Inside Solidarity Terraces, a shelter whichs welcomes exiled people, Briançon, January 25, 2023
Inside Solidarity Terraces, a shelter whichs welcomes exiled people, Briançon, January 25, 2023

A migrant center near the Franco-Italian border is saturated with sub-Saharan migrants fleeing Tunisia's xenophobic policy and other exiles who stay because of the excessively high-priced train tickets to Paris.

The migrant center Terrasses solidaires (Solidarity Terraces) of Briançon in Southeastern France is once again saturated with migrants seeking shelter within its walls.

In a press release published on Facebook on May 22, the association in charge of the refuge explained that it reached a peak of 136 exiles last weekend, despite a maximum capacity of 64 places, after several weeks of successive arrivals of mostly unaccompanied minors and families.

According to Jean Gaboriau, a member of the board of directors of Solidarity Terraces, the influx is due to the lack of transport out of Briançon. Migrants usually stop to rest at the shelter for 24 or 48 hours before resuming their journey to Paris.

But now, they are stranded due to the rising prices of train ticket prices. "We are currently housing one hundred migrants; some have to sleep in the canteen. Usually, train tickets cost about 20 euros, but now it's more like 100 euros," said Gaboriau.

Also read: 'Do something!': Protests in the Alps, as volunteers urge authorities to ease migrant reception situation

As noted by InfoMigrants, it is almost impossible to find tickets to Paris on France's national railway website for less than 100 euros until the end of June. The company at the end of 2022 explained it was going to increase its prices by 5% to compensate for rising energy prices. According to spokesmen, the company's costs have increased by 13% in recent months.

The impact of migratory pressure on the Italian coasts

For Gaboriau, the anti-migrant discourse in Tunisia led to an influx of sub-Saharan exiles trying to reach Italy -- and therefore Briançon, one of the first French cities after the Italian border in the Hautes-Alpes (a department located in the heart of the French Alps), by association.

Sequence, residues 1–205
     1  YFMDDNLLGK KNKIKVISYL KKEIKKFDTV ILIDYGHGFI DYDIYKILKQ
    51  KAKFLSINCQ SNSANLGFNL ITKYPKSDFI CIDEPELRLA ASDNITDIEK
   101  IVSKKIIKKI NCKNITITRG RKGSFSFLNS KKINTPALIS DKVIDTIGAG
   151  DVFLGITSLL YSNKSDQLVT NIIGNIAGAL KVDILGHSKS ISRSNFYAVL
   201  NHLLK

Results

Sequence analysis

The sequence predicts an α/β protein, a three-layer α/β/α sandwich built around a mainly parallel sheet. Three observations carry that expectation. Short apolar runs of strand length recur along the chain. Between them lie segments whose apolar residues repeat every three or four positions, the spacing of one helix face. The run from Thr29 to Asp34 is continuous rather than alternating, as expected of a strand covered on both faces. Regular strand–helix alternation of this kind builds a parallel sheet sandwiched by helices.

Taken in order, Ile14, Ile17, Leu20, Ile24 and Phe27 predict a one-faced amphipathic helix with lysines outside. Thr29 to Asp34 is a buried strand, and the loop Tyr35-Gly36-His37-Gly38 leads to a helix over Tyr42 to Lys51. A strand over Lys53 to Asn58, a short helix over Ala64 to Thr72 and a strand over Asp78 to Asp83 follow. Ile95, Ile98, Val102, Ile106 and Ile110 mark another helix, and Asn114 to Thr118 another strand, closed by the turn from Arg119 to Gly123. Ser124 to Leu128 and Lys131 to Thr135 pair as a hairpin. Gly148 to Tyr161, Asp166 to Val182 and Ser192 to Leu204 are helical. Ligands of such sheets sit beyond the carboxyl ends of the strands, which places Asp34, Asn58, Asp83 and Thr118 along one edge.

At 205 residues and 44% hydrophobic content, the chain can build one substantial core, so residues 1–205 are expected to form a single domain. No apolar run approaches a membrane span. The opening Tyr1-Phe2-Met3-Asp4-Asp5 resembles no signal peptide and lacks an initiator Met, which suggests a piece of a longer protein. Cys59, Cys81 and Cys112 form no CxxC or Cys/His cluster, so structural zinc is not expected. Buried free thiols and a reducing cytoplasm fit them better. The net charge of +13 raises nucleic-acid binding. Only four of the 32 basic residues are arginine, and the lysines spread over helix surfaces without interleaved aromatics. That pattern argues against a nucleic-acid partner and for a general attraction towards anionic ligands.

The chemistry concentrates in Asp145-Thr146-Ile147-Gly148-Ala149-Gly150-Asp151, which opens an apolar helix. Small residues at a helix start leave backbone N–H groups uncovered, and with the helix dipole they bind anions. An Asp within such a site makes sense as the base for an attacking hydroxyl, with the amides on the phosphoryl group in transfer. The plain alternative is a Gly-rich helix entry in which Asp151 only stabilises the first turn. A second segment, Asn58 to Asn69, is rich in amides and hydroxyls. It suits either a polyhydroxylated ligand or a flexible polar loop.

"We know that there is a considerable influx of migrants in Lampedusa, and it inevitably has repercussions here," he said.

Also read: Italy asks for EU funds to clear Lampedusa after migrant influx

Italy is currently facing a sharp increase in the number of migrants arriving from Tunisia and Libya. More than 31,000 exiles have landed in Lampedusa since the beginning of 2023, four times the nuber who arrived during the same period in the previous two years. Rome declared a state of emergency on April 11 to manage the increase.

The saturated emergency accommodation system

In the press release, Solidarity Terraces called on the Hautes-Alpes préfecture (department) to open additional emergency accommodation. According to the collective, the two letters sent on May 10 and 19 remained unanswered. "The town hall also has not offered a solution," said Gaboriau.

Contacted by InfoMigrants, the department claimed to have read the letters but explained, "it is currently impossible to open new places for emergency accommodation" and "the plan [to provide 135 permanent places] has reached full capacity".

Also read: In Briançon, migrants and volunteers face immense pressure

The shelter fears being forced to close once again, as was the case in October 2021 after an unprecedented influx of migrants. Nearly 300 people had to sleep in the Briançon train station, angering the right-wing mayor, Arnaud Murgia, who accused the association of political blackmail.

"Being forced to close down is always on our minds. We will not be able to accommodate more than 120-130 people; we don't know what this constant tension will lead to," said Gaboriau.

For several years, Solidarity Terraces has been asking the state to finance its action in the absence of opening new emergency accommodation in the department. Faced with the refusal of the authorities, the association survives through donations from individuals and sponsors.

"Obviously, goodwill alone is not enough," it wrote in the press release. “We are sounding the alarm, so the State implements a policy that is dignified and respectful of the rights of exiled people."


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